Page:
Grassroots democracy threatened in the valley
The LET wants the state’s sarpanches to quit. But the lack of remuneration and functional power is already doing the trick, says
LAST APRIL’S panchayat elections in Jammu & Kashmir that saw an 80 percent voter turnout heralded the muchdelayed empowerment of grassroots democracy in the state. But a year later, around 34,000 elected village representatives are staring at an uncertain future, caught between a government that doesn’t empower them, and a fragile security situation where they are sitting ducks for militants or gunmen.
One such incident took place last month when posters purportedly signed by the Lashkar-e-toiba ( LET) went up across Pulwama district in south Kashmir, asking the panches and sarpanches to resign within a week, failing which they would become the LET’S “legitimate targets”.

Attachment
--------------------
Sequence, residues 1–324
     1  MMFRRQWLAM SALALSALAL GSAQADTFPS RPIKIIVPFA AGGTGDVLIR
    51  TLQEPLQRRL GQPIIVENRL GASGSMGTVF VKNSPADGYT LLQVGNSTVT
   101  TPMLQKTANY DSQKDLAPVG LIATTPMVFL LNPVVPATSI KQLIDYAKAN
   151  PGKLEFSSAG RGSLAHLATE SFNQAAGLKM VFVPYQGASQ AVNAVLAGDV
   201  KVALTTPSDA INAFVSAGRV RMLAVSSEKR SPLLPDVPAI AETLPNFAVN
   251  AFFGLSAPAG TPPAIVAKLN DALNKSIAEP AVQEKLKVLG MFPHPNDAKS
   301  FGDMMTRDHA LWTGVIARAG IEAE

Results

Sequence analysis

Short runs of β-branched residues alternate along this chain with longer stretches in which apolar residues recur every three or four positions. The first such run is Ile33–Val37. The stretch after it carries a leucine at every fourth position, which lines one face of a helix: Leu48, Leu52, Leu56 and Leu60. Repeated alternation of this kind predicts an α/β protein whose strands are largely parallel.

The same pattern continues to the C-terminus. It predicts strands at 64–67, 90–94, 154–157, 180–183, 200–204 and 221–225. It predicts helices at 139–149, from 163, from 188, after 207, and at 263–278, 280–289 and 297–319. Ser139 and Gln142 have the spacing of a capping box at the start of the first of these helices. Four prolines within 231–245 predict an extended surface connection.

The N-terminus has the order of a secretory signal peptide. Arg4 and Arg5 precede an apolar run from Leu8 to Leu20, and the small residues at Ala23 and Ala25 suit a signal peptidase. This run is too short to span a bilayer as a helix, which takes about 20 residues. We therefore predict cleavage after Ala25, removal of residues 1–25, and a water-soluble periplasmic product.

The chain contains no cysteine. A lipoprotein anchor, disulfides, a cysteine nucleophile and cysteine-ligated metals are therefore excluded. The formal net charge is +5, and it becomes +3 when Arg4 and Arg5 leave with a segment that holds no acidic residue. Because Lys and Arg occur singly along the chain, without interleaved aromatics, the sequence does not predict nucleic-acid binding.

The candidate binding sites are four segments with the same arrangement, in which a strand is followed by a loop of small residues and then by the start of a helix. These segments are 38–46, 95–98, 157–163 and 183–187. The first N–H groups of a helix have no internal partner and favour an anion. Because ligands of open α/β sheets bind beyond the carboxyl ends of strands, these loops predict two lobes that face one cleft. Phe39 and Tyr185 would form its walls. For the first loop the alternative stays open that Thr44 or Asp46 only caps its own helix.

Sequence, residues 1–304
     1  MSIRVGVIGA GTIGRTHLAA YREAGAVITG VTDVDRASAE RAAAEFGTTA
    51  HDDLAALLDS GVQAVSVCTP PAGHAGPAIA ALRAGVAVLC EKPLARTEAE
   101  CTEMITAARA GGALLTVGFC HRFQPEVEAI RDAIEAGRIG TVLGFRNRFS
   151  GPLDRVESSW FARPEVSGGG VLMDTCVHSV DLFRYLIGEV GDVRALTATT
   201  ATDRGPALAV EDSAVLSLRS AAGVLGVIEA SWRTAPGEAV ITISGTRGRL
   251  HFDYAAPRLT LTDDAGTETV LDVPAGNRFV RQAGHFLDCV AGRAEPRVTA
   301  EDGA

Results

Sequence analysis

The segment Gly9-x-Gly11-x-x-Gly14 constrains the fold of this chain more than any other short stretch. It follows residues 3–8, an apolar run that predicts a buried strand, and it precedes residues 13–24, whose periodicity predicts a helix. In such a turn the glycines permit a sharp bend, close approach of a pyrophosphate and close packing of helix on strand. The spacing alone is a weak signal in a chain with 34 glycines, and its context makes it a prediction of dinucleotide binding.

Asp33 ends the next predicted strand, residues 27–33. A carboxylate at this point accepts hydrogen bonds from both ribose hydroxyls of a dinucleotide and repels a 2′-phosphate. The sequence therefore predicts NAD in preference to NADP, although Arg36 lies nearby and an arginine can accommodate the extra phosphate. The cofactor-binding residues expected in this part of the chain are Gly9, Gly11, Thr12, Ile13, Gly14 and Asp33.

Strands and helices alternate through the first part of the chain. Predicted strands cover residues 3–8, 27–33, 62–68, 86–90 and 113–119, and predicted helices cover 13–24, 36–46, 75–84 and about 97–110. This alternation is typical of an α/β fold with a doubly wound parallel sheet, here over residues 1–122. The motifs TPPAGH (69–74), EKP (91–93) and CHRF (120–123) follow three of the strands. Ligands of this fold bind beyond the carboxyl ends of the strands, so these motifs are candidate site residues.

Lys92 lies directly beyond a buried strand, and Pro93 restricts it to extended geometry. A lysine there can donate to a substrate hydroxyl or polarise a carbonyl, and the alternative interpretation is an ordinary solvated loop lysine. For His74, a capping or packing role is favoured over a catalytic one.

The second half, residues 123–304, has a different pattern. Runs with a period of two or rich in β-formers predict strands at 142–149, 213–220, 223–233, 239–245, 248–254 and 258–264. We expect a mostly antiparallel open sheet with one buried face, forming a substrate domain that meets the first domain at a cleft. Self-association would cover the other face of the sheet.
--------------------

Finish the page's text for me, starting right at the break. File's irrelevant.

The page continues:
“The Kashmir issue has persisted for the last six decades and is now echoing across the world. But the government is using you as
• False dawn More than 80 percent of the population in J&K took part in last year’s panchayat polls